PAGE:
rosrun beginner_tutorials talker
rosrun beginner_tutorials listener

Talker and Listener

Publisher and Subscriber (Python)#

Go to the scripts’ folder of the beginner_tutorials package:

roscd beginner_tutorials && \
mkdir scripts && \
cd scripts

A Publisher Node#

This tutorial demonstrates simple sending of messages over the ROS system.

Note that a node is created from a publisher, in contrast to C++ implementation, a publisher is created from a node.

In ROS, nodes are uniquely named. If two nodes with the same name are launched, the previous one is kicked off. The anonymous=True flag means that rospy will choose a unique name for a new listener node so that multiple listeners can run simultaneously.

nano talker.py
#!/usr/bin/env python

import rospy
from std_msgs.msg import String

def talker():
    # create a publisher, on topic `chatter`
    pub = rospy.Publisher('chatter', String, queue_size=10)

    # create a node
    rospy.init_node('talker', anonymous=True)

    # set the rate of publishing
    rate = rospy.Rate(1) # 1hz

    # main loop
    while not rospy.is_shutdown():
        # make content
        hello_str = "hello world %s" % rospy.get_time()
        rospy.loginfo(hello_str)

        # publish a message
        pub.publish(hello_str)

        rate.sleep()

if __name__ == '__main__':
    try:
        talker()
    except rospy.ROSInterruptException:
        pass

A Subscriber Node#

This tutorial demonstrates simple receipt of messages over the ROS system.

nano listener.py
#!/usr/bin/env python

import rospy
from std_msgs.msg import String

def callback(data):
    rospy.loginfo(rospy.get_caller_id() + "I heard %s", data.data)

def listener():
    # create a node
    rospy.init_node('listener', anonymous=True)

    # create a subcriber
    rospy.Subscriber("chatter", String, callback)

    # spin() simply keeps python from exiting until this node is stopped
    rospy.spin()

if __name__ == '__main__':
    listener()

The function rospy.spin() simply keeps the node from exiting until the node has been shutdown. Unlike roscpp, rospy.spin() does not affect the subscriber callback functions, as those have their own threads.

Make script executable#

Scripts need to get execution permission before they can run:

chmod +x *

Building new nodes#

Add the source code files which need to be compiled into the CMakeLists.txt. With all dependency packages listed above, add below lines also:

cd .. && \
nano CMakeLists.txt
catkin_install_python(PROGRAMS
    scripts/talker.py
    scripts/listener.py
    DESTINATION ${CATKIN_PACKAGE_BIN_DESTINATION}
)

Finally, make the package again:

roscd beginner_tutorials && \
cd ../.. && \
catkin_make && \
cd -

Run new nodes#

Run roscore first if it is not running. Then run 2 new nodes in two terminals:

rosrun beginner_tutorials talker.py
rosrun beginner_tutorials listener.py

Python script execution

If the error /usr/bin/env: ‘python\r’: No such file or directory shows up, it is because of the ending line characters. Unix use LF only while Windows use CRLF. Save python scripts in Unix ending character only.

Service and Client (C++)#

Go to the source code folder of the beginner_tutorials package:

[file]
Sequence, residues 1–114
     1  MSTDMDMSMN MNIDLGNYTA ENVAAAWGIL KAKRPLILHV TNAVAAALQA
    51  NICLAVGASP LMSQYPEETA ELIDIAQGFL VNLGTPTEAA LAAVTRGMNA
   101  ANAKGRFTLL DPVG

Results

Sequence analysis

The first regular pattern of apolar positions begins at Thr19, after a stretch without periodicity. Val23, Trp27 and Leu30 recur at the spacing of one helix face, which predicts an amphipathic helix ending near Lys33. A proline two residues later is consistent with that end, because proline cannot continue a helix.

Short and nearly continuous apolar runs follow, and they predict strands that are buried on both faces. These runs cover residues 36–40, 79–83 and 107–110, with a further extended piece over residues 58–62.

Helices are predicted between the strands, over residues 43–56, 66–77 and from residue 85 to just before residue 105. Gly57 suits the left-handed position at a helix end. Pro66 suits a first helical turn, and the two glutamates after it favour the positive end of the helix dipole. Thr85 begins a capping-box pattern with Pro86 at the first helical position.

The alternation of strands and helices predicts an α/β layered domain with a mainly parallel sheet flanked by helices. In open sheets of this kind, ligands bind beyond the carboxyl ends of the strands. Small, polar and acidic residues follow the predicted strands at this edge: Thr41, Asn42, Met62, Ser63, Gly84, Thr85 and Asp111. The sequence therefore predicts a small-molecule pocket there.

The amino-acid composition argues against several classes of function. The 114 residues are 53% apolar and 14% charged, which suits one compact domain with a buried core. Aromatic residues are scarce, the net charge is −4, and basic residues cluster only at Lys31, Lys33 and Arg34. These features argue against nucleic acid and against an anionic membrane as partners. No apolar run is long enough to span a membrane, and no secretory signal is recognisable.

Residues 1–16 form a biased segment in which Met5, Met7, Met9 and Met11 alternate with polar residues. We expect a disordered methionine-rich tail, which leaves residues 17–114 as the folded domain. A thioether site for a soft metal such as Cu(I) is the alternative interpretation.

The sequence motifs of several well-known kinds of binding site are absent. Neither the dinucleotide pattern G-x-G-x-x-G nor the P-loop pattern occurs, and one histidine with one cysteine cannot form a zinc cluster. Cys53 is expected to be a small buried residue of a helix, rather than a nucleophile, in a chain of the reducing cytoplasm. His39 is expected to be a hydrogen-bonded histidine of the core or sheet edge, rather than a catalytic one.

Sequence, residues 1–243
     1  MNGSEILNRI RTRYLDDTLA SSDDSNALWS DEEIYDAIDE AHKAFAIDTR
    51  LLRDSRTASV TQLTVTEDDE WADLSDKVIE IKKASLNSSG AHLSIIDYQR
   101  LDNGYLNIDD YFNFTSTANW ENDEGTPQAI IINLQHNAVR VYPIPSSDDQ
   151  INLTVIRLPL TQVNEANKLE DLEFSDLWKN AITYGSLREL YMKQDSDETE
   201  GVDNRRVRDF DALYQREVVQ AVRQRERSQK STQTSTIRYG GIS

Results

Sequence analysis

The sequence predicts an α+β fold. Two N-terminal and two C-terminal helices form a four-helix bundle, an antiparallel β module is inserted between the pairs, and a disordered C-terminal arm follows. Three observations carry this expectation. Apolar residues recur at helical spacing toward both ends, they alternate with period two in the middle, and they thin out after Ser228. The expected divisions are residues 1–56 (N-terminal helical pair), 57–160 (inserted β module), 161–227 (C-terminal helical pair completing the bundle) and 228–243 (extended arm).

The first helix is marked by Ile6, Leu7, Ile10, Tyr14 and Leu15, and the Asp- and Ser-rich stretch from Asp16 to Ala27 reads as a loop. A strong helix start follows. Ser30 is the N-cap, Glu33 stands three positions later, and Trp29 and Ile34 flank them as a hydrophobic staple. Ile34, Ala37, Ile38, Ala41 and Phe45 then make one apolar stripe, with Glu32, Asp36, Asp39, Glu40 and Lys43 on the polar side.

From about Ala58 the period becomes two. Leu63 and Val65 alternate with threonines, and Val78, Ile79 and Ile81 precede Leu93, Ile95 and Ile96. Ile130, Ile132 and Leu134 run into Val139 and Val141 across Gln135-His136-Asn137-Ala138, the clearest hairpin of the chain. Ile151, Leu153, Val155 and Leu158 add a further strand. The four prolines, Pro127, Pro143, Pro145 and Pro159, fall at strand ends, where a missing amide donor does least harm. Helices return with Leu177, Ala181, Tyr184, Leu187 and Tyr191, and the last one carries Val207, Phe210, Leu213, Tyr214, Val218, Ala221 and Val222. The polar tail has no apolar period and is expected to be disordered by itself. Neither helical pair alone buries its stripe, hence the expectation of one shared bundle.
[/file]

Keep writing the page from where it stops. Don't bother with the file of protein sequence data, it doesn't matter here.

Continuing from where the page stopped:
roscd beginner_tutorials && \
mkdir src && \
cd src

A Service Node#

This guide will create the service add_two_ints_server node which will receive two numbers and return the sum.

This service uses the beginner_tutorials/AddTwoInts.h header file generated from the srv file that is created earlier.

nano add_two_ints_server.cpp
#include "ros/ros.h"
#include "beginner_tutorials/AddTwoInts.h"

// service fuction
bool add(beginner_tutorials::AddTwoInts::Request  &req,
         beginner_tutorials::AddTwoInts::Response &res)
{
    res.sum = req.a + req.b;
    ROS_INFO("request: x=%ld, y=%ld", (long int)req.a, (long int)req.b);
    ROS_INFO("sending back response: [%ld]", (long int)res.sum);
    return true;
}

int main(int argc, char **argv)
{
    ros::init(argc, argv, "add_two_ints_server");

    // create a node
    ros::NodeHandle n;

    // node will have a service
    ros::ServiceServer service = n.advertiseService("add_two_ints", add);
    ROS_INFO("Ready to add two ints.");

    // main loop
    ros::spin();

    return 0;
}

A Client Node#

This guide will create the service add_two_ints_client node which will receive two ints and return the sum.

nano add_two_ints_client.cpp
#include "ros/ros.h"
#include "beginner_tutorials/AddTwoInts.h"
#include <cstdlib>

int main(int argc, char **argv)
{
    // check args
    ros::init(argc, argv, "add_two_ints_client");
    if (argc != 3)
    {
        ROS_INFO("usage: add_two_ints_client X Y");
        return 1;
    }

    // create a node
    ros::NodeHandle n;

    // node will have a client
    ros::ServiceClient client = n.serviceClient<beginner_tutorials::AddTwoInts>("add_two_ints");

    // create a service target
    beginner_tutorials::AddTwoInts srv;

    // add params
    srv.request.a = atoll(argv[1]);
    srv.request.b = atoll(argv[2]);

    // call to service
    if (client.call(srv)) {
        ROS_INFO("Sum: %ld", (long int)srv.response.sum);
    } else {
    ROS_ERROR("Failed to call service add_two_ints");
        return 1;
    }

    return 0;
}

Building new nodes#

Add the source code files which need to be compiled into the CMakeLists.txt. With all dependency packages listed above, add below lines also:

cd .. && \
nano CMakeLists.txt
## Declare a C++ executable

add_executable(add_two_ints_server src/add_two_ints_server.cpp)